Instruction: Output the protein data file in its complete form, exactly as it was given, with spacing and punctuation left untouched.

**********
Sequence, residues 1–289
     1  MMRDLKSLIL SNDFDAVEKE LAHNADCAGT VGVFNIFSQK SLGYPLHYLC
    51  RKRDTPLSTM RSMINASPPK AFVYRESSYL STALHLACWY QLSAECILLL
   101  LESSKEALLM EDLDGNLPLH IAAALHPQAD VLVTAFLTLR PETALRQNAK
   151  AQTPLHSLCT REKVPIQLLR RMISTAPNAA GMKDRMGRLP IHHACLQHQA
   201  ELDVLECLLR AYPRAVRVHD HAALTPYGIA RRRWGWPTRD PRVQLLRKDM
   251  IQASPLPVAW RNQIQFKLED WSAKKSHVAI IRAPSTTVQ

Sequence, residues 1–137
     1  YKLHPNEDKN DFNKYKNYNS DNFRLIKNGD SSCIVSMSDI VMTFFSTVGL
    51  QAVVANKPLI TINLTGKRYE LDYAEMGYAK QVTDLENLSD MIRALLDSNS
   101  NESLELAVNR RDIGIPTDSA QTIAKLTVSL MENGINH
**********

Sequence, residues 1–289
     1  MMRDLKSLIL SNDFDAVEKE LAHNADCAGT VGVFNIFSQK SLGYPLHYLC
    51  RKRDTPLSTM RSMINASPPK AFVYRESSYL STALHLACWY QLSAECILLL
   101  LESSKEALLM EDLDGNLPLH IAAALHPQAD VLVTAFLTLR PETALRQNAK
   151  AQTPLHSLCT REKVPIQLLR RMISTAPNAA GMKDRMGRLP IHHACLQHQA
   201  ELDVLECLLR AYPRAVRVHD HAALTPYGIA RRRWGWPTRD PRVQLLRKDM
   251  IQASPLPVAW RNQIQFKLED WSAKKSHVAI IRAPSTTVQ

Sequence, residues 1–137
     1  YKLHPNEDKN DFNKYKNYNS DNFRLIKNGD SSCIVSMSDI VMTFFSTVGL
    51  QAVVANKPLI TINLTGKRYE LDYAEMGYAK QVTDLENLSD MIRALLDSNS
   101  NESLELAVNR RDIGIPTDSA QTIAKLTVSL MENGINH